Last week Herald-Sun columnist Andrew Bolt made a written assault against the reservation of any place for the teaching of Marxism in our universities: blaming Marxism for millions of deaths. He described it as a "totalitarian ideology".
In response to Andrew: You're entitled to your opinion as a conservative to oppose Marxism, or leftism in general. But get your facts straight.
In the 19th Century Social Democratic - that is Marxist - parties were at the very forefront of the struggle for free, universal and equal suffrage in Europe. What is more, when the Marxist Left split during the 1914-1919 period Social Democratic Marxists opposed the Great War bloodbath; but also opposed the new 'Communism' as espoused by the Bolsheviks in Russia. Specifically, they resolutely opposed over-centralisation, one party dictatorship, militarisation of labour, the suppression of civil liberties, and the dissolution of the Russian constituent assembly. That's right: Marxists were amongst the most steadfast defenders of democracy.
The Marxist Social Democrats understood the damage that would be done to the Social Democratic cause by desperate and authoritarian strategies that broke the traditional nexus between socialism, democracy and freedom.
Yet for Bolt Marxism is equated with 'totalitarianism' ; and there are arguments that 'socialism has been tried and it failed'.
Yes, Marxists tend to believe in 'totality' in the sense that the 'movement of economy and society as a whole' is held to be graspable at its core largely as a process of class struggle (for example, the liberal capitalists struggle against the old monarchist Absolutism; and the working class's struggle against exploitation by capitalists). But 'totality' is not the same as 'totalitarianism' – interpreted as overwhelming repression. Although some interpretations of Marxism insist on 'closure' in the sense that they believe the trajectory of society's development to be 'inevitable' (yet here also there were dissidents; eg: Eduard Bernstein; and also today's 'Post-Marxists').
Also, those who condemn Marxism rarely concede the atrocities committed for the sake of capitalism, and to smash the Left. Half a million murdered in Indonesia in 1965-66; 300,000 slain in Guatemala in the 1980s; the bloody coup against the democratically elected socialist Allende government in Chile 1973; and the Western role in bombing Cambodia – which precipitated the Khmer Rouge's seizure of power.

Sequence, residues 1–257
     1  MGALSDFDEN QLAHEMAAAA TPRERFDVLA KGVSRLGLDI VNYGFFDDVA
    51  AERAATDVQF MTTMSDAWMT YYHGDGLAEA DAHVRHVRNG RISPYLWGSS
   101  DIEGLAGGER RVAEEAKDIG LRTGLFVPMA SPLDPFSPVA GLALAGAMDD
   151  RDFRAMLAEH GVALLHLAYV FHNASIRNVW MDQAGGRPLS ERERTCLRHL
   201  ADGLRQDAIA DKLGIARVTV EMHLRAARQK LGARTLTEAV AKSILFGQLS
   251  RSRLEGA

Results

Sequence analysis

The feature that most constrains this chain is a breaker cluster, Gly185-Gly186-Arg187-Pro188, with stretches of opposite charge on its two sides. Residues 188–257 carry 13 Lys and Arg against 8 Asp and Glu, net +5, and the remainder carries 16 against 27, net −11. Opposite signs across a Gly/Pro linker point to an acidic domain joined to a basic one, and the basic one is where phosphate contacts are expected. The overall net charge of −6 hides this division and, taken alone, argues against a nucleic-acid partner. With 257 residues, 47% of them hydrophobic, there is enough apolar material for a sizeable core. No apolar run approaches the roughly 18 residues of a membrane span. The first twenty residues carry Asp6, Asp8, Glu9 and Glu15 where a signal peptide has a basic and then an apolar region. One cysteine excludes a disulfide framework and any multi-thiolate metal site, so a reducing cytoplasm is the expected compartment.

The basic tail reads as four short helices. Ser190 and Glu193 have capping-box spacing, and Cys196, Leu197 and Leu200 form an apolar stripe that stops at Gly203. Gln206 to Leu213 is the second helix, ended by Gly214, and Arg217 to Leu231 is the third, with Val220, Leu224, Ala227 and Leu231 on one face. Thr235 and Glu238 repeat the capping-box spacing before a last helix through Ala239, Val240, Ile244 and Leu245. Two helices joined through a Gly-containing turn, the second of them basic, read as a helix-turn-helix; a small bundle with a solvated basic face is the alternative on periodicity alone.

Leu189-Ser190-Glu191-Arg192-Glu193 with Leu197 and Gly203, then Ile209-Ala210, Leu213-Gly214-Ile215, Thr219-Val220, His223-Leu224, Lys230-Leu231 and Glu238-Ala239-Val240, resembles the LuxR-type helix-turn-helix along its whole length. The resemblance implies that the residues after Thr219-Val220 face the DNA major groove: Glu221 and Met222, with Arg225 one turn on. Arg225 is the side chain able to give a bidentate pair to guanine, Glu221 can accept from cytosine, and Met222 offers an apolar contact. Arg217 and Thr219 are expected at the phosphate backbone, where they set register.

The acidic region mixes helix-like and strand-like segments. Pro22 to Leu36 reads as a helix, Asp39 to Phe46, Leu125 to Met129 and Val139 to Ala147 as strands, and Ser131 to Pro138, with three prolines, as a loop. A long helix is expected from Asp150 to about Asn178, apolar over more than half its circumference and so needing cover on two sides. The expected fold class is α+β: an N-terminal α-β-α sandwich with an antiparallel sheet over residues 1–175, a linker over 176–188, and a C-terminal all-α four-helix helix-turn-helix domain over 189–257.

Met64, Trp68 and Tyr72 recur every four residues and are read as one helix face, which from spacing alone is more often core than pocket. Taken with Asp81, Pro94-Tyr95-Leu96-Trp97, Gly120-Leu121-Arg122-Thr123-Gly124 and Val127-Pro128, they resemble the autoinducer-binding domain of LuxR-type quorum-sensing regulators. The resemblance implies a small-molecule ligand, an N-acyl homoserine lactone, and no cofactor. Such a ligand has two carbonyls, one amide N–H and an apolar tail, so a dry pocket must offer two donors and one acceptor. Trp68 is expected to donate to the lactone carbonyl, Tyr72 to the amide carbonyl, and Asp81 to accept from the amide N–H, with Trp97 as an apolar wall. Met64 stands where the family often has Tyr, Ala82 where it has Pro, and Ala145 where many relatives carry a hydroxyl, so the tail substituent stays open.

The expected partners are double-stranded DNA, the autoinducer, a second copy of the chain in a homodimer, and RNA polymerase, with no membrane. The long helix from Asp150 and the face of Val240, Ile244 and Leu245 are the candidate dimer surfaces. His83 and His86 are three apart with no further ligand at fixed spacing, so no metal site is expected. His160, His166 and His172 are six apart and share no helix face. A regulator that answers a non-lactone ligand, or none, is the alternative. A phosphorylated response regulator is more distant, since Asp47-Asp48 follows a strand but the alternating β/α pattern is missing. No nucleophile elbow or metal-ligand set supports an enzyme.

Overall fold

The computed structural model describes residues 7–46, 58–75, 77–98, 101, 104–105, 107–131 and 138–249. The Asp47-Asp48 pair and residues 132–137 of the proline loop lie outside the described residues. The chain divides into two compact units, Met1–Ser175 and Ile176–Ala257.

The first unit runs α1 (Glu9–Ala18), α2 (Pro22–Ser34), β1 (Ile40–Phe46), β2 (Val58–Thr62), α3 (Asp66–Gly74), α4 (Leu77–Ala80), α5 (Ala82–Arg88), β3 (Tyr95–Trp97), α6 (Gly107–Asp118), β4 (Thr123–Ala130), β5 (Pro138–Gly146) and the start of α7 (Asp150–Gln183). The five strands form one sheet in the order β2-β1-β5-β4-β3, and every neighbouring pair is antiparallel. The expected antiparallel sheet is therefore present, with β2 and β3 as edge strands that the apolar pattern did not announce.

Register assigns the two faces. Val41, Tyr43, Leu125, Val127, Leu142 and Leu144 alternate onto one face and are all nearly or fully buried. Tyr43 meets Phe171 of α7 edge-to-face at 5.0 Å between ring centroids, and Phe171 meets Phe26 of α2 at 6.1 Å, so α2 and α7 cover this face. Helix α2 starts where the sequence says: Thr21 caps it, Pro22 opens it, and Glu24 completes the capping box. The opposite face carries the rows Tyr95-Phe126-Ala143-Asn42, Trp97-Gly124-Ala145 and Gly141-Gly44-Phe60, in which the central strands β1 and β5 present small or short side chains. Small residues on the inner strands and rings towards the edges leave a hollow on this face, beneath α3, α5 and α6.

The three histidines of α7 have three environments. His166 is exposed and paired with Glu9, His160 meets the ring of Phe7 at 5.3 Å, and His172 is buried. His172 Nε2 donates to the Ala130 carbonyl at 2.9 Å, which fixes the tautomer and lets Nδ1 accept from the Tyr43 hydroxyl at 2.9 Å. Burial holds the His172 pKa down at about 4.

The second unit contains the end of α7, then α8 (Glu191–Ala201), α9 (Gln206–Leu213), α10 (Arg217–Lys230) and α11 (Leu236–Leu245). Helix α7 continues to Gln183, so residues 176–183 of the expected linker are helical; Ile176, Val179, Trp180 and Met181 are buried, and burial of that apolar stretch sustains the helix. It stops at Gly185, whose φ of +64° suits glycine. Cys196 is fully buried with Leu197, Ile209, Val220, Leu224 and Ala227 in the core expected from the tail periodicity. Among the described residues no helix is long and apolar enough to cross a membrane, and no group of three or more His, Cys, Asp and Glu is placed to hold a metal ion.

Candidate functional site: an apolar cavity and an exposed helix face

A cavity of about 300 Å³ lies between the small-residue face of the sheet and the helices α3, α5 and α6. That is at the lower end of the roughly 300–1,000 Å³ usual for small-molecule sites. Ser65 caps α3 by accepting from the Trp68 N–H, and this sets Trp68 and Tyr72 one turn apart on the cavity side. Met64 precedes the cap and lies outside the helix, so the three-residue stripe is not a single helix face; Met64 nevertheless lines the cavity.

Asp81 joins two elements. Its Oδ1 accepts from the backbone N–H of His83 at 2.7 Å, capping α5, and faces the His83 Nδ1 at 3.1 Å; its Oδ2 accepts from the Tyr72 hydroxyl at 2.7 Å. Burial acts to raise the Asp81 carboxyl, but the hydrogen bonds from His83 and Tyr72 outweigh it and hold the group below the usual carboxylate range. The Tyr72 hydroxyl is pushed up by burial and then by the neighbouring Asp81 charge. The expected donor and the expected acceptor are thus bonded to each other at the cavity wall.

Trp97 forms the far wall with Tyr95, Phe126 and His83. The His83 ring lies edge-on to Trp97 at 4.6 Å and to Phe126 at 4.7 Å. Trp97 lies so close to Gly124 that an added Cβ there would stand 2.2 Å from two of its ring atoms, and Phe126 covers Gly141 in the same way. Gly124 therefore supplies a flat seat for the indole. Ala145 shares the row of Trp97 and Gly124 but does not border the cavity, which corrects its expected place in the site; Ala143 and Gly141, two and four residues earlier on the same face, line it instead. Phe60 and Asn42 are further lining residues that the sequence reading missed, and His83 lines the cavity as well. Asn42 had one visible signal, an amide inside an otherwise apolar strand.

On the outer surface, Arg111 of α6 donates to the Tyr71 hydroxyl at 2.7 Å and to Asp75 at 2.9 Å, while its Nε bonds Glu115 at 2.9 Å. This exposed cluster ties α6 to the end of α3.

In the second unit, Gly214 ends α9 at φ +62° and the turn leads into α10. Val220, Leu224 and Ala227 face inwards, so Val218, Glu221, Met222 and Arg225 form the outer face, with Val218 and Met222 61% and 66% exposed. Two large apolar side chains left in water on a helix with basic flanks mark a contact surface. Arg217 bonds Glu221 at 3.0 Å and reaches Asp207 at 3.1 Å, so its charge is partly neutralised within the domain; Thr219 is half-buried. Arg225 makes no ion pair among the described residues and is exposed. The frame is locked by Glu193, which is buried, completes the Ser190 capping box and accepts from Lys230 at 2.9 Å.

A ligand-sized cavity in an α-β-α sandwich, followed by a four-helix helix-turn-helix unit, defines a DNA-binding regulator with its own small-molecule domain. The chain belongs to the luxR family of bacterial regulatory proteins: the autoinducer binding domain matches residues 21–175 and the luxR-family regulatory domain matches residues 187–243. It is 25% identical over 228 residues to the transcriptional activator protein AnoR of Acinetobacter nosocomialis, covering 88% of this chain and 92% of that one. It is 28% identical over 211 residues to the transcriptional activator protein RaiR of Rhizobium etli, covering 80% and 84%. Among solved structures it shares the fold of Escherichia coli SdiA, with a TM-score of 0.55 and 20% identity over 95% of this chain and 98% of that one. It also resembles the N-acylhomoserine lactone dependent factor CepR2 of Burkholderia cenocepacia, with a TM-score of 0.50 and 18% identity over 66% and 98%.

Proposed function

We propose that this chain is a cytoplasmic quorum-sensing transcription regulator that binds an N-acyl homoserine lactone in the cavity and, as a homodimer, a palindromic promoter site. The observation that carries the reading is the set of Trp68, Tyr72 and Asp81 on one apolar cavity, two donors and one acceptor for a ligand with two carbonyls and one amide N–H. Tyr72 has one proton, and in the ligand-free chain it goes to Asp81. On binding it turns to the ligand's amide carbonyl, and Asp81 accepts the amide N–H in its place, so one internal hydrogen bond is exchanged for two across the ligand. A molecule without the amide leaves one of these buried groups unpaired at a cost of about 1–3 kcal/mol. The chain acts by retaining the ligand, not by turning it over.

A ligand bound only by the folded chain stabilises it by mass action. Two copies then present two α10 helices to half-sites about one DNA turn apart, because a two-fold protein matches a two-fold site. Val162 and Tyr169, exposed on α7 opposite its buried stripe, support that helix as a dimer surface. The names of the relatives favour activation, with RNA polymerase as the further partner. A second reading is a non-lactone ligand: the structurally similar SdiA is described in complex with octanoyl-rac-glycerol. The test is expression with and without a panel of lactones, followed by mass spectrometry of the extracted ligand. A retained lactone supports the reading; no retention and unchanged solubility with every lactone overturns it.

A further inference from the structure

And today consider the oppression in Bahrain where the Shia ethnic majority is repressed, and in response to protests dissidents have been killed and jailed; and civil liberties are regularly violated. But Bahrain hosts a US Naval Base just as Syria hosts a Russian Naval Base.
Yes, it must be recognized that self-proclaimed 'Marxist' movements have at times degenerated into Stalinist oppression, terror and mass murder. The Khmer Rouge comes to mind; as does today's North Korean regime. But these have little in common with the democratic Marxists who early on perceived the danger posed by authoritarian and terroristic strategies, as well as the danger posed by 'cults of personality'.
For examples of democratic Marxists: look to Julius Martov, Karl Kautsky, Max Adler and Otto Bauer. Further to the Left consider the position of Rosa Luxemburg. To summarize: all of these figures are notable for their opposition to war, and their criticisms of Bolshevist strategy and tactics. All these Marxists respected human freedom, and the need for participatory democracy as the embodiment of this freedom; but also because self-correction in democracies can best be promoted through the observance of those principles.
For another inspirational example of democratic Marxism in practice, look to the "Austro-Marxists" (members of the Austrian Social-Democratic Workers' Party - including Adler, Bauer and others) and their fight for democracy both before and after WWI.
The Austro-Marxist strategy included the development of social and cultural societies, associations and institutions. These included extensive public housing projects: "64,000 apartments constructed between 1923 and 1933", housing "one seventh of Vienna's population" at "5 per cent of a workers' wages". Also provided for were education services, child-care, libraries, health care, playgrounds, gymnasia, swimming and wading pools, meeting halls, youth facilities, carpentry shops, post-offices, cafes, lectures, music programs, symphony orchestras, choral societies and more. Furthermore, this 'institutional' strategy facilitated "an atmosphere of co-operation and solidarity" amongst the Viennese working class.
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